07-13-2020, 09:47 AM

@Remi

Do you know who organised the most recent Renju olympiads? I'm still trying to find clear, formal, and tight definitions somewhere of exactly which forks the first player is allowed to create, and which ones not, and hoping such an event would have 100% tight rules described. Online I usually find mostly example situations of "this is allowed, this isn't", but not so many 100% complete definitions.

From what I understand so far, forks of two open threes are not allowed, two closed (or open) fours are not allowed, but one open three and one closed four is allowed... but then the definitions of "closed" and "open" can also be a bit confusing. Intuitively I would expect a line of three to be closed if and only if it is capped by opposing pieces or board edges on both sides of the three pieces (with one of the three being a "virtual" piece-to-be-placed). But the first image on http://www.renju.net/study/advanced.php describes Z as being allowed because the diagonal three it makes is a closed three. So, it seems that "closed" is defined in terms of the full line of five, rather than just the three (so really it's more like a "closed three-out-of-five").

Do you know who organised the most recent Renju olympiads? I'm still trying to find clear, formal, and tight definitions somewhere of exactly which forks the first player is allowed to create, and which ones not, and hoping such an event would have 100% tight rules described. Online I usually find mostly example situations of "this is allowed, this isn't", but not so many 100% complete definitions.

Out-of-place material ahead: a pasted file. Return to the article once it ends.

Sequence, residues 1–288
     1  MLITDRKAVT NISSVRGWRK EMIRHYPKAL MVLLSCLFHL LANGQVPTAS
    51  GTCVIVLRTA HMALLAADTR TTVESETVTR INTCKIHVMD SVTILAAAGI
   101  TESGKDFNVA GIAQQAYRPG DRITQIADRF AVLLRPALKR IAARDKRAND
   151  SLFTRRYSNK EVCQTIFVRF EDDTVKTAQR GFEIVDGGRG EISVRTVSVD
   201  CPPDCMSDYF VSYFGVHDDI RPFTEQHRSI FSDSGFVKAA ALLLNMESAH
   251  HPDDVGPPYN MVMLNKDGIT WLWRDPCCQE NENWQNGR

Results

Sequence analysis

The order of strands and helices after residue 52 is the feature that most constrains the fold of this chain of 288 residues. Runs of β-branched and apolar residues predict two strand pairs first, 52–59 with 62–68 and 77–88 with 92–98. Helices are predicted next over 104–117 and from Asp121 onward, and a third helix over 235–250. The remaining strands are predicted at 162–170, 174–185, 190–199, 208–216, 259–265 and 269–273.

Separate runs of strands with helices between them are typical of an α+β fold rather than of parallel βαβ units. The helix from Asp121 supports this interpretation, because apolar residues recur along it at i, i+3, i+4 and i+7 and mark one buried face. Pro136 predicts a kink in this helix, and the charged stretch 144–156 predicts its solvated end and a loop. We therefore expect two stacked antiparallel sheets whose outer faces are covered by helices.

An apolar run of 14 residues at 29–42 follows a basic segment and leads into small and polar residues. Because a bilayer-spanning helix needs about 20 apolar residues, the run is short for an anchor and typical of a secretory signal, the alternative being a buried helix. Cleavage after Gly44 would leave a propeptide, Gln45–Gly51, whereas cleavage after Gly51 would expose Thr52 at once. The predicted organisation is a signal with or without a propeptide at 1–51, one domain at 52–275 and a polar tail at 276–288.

From what I understand so far, forks of two open threes are not allowed, two closed (or open) fours are not allowed, but one open three and one closed four is allowed... but then the definitions of "closed" and "open" can also be a bit confusing. Intuitively I would expect a line of three to be closed if and only if it is capped by opposing pieces or board edges on both sides of the three pieces (with one of the three being a "virtual" piece-to-be-placed). But the first image on http://www.renju.net/study/advanced.php describes Z as being allowed because the diagonal three it makes is a closed three. So, it seems that "closed" is defined in terms of the full line of five, rather than just the three (so really it's more like a "closed three-out-of-five").